579. What a Friend We Have in Jesus
Tune Information |
||A. Royce Eckhardt (1972)|
||87 87 D|
||Harmonization © 1972, Covenant Press|Text Information:
st. 1 = John 15:15, Eph.6:18, 1 Thess. 5: 17
st. 3 = Matt. 11:28-30
Joseph M. Scriven (b. Seapatrick, County Down, Ireland, 1819; d. Bewdley, Rice Lake, ON, Canada, 1886), an Irish immigrant to Canada, wrote this text near Port Hope, Ontario, in 1855. Because his life was filled with grief and trials, Scriven often needed the solace of the Lord as described in his famous hymn.
Educated at Trinity College, Dublin, Ireland, he enrolled in a military college to prepare for an army career. However, poor health forced him to give up that ambition. Soon after came a second blow–his fiancee died in a drowning accident on the eve of their wedding in 1844. Later that year he moved to Ontario, where he taught school in Woodstock and Brantford. His plans for marriage were dashed again when his new bride-to-be died after a short illness in 1855. Following this calamity Scriven seldom had a regular income, and he was forced to live in the homes of others. He also experienced mistrust from neighbors who did not appreciate his eccentricities or his work with the underprivileged. A member of the Plymouth Brethren, he tried to live according to the Sermon on the Mount as literally as possible, giving and sharing all he had and often doing menial tasks for the poor and physically disabled. Because Scriven suffered from depression, no one knew if his death by drowning in Rice Lake was suicide or an accident.
Scriven wrote "What a Friend" to comfort his sick mother in Dublin, possibly right after the death of his second fiancee. When asked by a neighbor about his writing of the text, Scriven modestly commented, “The Lord and I did it between us.” The text was published anonymously in Horace Hastings's Social Hymns, Original and Selected (1865), but Scriven was given proper credit in Hastings's Songs of Pilgrimage (1886). Ira D. Sankey (PHH 73) included the text, set to the familiar tune by Charles C. Converse, in his various hymnals (from 1875 on).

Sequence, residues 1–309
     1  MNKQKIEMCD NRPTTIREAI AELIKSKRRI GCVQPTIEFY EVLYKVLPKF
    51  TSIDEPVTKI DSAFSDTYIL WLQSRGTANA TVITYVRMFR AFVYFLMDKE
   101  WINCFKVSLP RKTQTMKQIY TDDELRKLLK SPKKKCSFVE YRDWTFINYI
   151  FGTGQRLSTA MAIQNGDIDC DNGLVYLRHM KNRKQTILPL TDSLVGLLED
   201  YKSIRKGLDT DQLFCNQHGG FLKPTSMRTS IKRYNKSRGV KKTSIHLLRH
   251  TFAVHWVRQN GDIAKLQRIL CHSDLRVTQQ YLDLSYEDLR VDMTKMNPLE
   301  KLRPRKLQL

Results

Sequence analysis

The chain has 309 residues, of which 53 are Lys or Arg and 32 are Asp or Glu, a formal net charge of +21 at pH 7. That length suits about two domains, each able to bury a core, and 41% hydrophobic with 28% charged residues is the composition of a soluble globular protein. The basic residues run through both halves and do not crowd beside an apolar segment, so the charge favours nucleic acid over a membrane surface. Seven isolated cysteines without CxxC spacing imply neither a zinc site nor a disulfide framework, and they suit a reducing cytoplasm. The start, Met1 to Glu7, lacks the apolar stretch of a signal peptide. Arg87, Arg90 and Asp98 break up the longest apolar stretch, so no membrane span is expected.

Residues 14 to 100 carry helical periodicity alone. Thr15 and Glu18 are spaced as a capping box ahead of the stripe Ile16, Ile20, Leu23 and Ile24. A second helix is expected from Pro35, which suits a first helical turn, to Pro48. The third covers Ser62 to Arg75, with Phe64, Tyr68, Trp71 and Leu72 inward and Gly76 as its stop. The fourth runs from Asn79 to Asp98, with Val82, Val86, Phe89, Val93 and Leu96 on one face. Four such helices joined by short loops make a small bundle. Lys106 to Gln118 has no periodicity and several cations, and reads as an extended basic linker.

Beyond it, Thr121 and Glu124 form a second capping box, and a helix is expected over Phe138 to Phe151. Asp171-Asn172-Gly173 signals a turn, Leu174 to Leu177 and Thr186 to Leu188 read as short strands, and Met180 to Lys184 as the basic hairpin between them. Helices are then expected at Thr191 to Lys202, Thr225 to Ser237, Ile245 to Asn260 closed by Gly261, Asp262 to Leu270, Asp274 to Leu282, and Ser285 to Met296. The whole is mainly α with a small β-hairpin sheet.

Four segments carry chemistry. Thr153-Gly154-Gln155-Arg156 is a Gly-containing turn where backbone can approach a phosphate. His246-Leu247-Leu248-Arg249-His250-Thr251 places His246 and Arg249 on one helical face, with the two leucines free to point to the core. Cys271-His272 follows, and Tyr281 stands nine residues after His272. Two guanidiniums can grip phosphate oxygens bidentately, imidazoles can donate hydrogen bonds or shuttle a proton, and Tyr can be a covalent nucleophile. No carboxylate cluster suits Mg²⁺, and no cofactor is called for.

Scriven's text clearly arises from his own experiences in life. Although not great poetry, the text has spiritual appeal and an effective repeated phrase, "take it to the Lord in prayer." Because of its simple encouragement to "pray without ceasing," the text is much loved in many circles of Christendom. A collection of his poetry was published in Hymns and Other Verses (1869).
As a hymn of encouragement to pray amid the "sins and griefs" we encounter on our journey of life.
--Psalter Hymnal Handbook
British hymnals have set Scriven's text to various tunes, including BLAENWERN (416), a fine alternate choice. The choice of BEACH SPRING represents a change from the text's traditional association in North America with CONVERSE, a tune written in 1868 for "What a Friend" by Charles C. Converse. Although that combination is also found in previous editions of the Psalter Hymnal, the revision committee decided to use BEACH SPRING for this text.
BEACH SPRING was first published in The Sacred Harp (1844) as a setting for Joseph Hart's "Come, Ye Sinners, Poor and Wretched" (534). The tune appears in The Sacred Harp (1844) with note values almost identical to those in the Psalter Hymnal but barred in duple rather than triple meter.
Benjamin F. White (b. Spartanburg, SC, 1800; d. Atlanta, GA, 1879), coeditor of The Sacred Harp (1844), was listed as the composer. The tune is named after the Beach Spring Baptist Church in Harris County, Georgia, where White lived. He came from a family of fourteen children and was largely self-taught. Eventually White became a popular singing-school teacher and editor of the weekly Harris County newspaper.
BEACH SPRING is a strong, pentatonic tune cast into a rounded bar form (AABA). A. Royce Eckhardt (b. Scottsbluff, Nebraska, 1937) wrote the harmonization, which was first published in The Covenant Hymnal. A graduate of North Park College, Chicago, Illinois, and the University of Hartford in Connecticut, Eckhardt has served as minister of music in Covenant Church congregations in Washington, Connecticut, and Illinois. He has also taught at North Park Theological Seminary in Chicago and was music editor of the Covenant Hymnal (1973) .
--Psalter Hymnal Handbook